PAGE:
What It’s Like to Live Out NFP, Compared to What You Learn in the Textbook
Sometimes, among my friends who use Fertility Awareness-Based Methods (FABM), or Natural Family Planning (NFP) as I first called it, I hear stories of how things weren’t exactly as they expected. It’s true, there are some things you experience while using Natural Family Planning that aren’t in the textbook. But I still wouldn’t choose any of the alternatives! And I’m happy to share what I’ve learned over many years of practicing NFP.
My then-fiancé-now-husband and I began taking NFP classes 29 years ago. Along the way there were a number of things that surprised us when we actually put it into practice, while other aspects were just as we had been taught.
The first unexpected thing I encountered in practicing Natural Family Planning was how hard it could be. Before our wedding night, we were abstaining 31 days a month, so abstaining 7-10 days per month sounded relatively easy. Turned out though that it could be harder at times than I’d anticipated.
A related surprise was that my greatest interest would coincide with those very days we were supposed to abstain: the fertile days of the month. Now there was something I wasn’t expecting. At times, this could be frustrating for both of us, since a husband prefers his wife to share this interest. There were moments when I felt a little irked with God for setting it up that way; but generally it just made me realize how much God must like creating new people to bolster that outcome so much. In the end, it actually brought my husband and me closer, because it gave me greater understanding and compassion toward him (whose interest was more constant) such that when my interest waned, I’d try not to deny him just because I wasn’t as interested.
Another unexpected difficulty was how hard I found it to get up at the same time every morning to take my temperature, while using the Fertility Awareness-Based Method known as the Sympto-Thermal Method. I’m a bit of a night owl, and as a freelancer it isn’t necessary for me to get to work at a set time. Later when the kids came along, it was even harder as they’d interrupt my night’s sleep in inconsistent ways. So, waking to the alarm at the same time every day on weekends or on days when I really needed to make up sleep was probably the hardest part for me. Especially since, no matter how tired I was, I wasn’t always able to go back to sleep. Thankfully, we learned about the Billings method, which doesn’t require temperature readings.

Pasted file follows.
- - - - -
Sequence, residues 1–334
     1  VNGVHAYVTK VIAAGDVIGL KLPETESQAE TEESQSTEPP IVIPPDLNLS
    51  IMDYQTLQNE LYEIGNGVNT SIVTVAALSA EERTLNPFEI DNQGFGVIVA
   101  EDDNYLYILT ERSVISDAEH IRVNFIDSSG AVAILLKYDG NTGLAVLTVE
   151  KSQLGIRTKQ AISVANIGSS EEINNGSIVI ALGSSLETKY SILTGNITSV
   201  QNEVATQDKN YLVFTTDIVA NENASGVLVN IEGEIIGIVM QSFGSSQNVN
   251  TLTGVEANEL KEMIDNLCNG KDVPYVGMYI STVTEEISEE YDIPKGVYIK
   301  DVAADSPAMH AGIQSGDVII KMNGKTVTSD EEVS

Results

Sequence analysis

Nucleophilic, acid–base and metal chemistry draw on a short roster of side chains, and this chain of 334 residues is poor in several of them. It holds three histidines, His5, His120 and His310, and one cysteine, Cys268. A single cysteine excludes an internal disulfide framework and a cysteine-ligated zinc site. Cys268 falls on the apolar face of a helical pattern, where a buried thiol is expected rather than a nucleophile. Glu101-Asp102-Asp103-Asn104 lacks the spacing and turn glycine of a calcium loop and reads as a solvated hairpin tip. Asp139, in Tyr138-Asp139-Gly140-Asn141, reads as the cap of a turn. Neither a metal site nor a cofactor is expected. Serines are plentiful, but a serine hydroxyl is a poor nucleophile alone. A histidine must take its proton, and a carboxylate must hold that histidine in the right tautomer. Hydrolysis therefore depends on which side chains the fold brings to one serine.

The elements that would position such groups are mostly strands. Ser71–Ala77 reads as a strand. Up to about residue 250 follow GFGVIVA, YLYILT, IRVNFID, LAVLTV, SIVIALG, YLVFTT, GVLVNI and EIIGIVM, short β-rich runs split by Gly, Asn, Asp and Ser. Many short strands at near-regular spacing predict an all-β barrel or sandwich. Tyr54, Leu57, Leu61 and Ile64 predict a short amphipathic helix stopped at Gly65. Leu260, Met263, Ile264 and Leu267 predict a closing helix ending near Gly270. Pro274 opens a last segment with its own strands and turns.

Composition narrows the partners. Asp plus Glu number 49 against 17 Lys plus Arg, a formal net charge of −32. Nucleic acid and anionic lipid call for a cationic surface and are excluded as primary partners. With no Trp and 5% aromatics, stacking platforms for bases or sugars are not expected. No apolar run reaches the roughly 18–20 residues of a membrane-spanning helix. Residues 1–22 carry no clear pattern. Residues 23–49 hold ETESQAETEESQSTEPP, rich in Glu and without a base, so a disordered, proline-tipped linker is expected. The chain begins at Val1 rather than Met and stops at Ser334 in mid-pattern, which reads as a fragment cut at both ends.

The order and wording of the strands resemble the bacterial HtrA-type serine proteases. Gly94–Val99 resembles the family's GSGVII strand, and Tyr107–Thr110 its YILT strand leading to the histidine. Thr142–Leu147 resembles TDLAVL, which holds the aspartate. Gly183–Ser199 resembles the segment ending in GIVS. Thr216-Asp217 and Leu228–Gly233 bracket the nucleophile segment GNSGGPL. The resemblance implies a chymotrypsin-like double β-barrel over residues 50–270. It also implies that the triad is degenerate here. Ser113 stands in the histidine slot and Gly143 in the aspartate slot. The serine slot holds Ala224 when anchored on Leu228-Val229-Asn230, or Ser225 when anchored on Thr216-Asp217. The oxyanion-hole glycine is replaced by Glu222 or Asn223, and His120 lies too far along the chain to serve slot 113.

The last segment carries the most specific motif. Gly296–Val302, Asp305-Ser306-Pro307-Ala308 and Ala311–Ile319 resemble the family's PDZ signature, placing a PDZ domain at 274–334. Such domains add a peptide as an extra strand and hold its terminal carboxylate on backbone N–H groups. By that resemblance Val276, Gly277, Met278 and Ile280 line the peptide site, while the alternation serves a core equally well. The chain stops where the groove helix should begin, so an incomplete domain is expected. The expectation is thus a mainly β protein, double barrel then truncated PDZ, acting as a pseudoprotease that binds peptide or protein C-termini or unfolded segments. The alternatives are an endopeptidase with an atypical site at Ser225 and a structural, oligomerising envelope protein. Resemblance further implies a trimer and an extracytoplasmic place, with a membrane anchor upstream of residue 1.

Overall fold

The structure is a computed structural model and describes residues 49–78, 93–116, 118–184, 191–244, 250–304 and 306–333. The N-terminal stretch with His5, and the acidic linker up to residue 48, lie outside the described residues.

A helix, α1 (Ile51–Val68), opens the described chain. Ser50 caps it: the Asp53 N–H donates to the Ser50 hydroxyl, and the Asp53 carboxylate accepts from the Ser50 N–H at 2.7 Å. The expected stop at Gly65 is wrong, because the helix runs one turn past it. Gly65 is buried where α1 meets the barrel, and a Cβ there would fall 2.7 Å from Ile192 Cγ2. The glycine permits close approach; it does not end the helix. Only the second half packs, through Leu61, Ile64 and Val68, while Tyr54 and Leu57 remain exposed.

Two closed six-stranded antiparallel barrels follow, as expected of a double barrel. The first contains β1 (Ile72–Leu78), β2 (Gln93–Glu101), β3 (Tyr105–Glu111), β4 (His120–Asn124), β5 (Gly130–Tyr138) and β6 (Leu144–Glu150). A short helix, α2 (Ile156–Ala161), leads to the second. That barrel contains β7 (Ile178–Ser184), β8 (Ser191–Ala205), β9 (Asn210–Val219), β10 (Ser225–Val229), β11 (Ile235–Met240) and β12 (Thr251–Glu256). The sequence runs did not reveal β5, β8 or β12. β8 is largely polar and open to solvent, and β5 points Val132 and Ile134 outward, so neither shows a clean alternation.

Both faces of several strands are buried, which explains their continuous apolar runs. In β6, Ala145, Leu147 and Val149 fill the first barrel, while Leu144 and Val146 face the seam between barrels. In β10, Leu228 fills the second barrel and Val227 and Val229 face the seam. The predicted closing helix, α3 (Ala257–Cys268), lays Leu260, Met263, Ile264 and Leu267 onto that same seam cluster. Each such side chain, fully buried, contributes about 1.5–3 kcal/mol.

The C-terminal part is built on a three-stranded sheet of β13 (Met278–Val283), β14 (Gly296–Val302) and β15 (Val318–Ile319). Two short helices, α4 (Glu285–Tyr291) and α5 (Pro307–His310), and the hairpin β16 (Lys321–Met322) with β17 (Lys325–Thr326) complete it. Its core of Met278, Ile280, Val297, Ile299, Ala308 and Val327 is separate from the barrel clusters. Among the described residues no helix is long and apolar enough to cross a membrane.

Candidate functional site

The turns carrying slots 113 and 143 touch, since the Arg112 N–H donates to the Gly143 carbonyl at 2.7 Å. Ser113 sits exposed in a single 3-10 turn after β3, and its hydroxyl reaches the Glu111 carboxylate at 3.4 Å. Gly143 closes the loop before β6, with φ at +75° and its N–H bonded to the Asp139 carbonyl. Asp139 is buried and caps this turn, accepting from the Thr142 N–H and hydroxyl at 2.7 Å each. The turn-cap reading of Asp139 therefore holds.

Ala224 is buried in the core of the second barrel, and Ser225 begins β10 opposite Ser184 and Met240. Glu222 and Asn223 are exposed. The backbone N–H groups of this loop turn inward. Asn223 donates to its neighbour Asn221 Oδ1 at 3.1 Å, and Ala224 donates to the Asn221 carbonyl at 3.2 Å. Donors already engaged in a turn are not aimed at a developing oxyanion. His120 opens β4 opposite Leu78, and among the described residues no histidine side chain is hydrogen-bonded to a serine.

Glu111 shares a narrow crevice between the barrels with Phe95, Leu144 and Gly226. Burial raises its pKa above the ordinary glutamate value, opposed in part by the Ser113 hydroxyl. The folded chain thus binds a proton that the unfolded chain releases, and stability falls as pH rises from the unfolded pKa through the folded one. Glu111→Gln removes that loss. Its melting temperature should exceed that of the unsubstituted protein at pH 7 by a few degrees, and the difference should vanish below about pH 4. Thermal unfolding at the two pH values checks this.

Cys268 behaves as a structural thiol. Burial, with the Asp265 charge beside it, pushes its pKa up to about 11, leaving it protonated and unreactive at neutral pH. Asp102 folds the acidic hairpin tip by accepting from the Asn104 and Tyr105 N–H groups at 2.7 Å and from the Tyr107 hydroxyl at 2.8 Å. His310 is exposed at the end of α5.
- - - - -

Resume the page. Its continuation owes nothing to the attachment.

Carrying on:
There were also some unusual quirks to my body that made NFP not a textbook case for me in a couple respects. First, I tend to have really low temperatures—literally off-the-chart low, so that using a pre-set temperature chart didn’t really work that well for me (during the times we were checking temps). I had to cross out and change the numbers by a full degree. The other bodily quirk I had was extra mucus cropping up even post-ovulation. Our instructor thought it was due to residual seminal fluid. She taught me how to test to see if it was (or a mixture of the two), which was really helpful, otherwise we would have had to abstain a lot more often.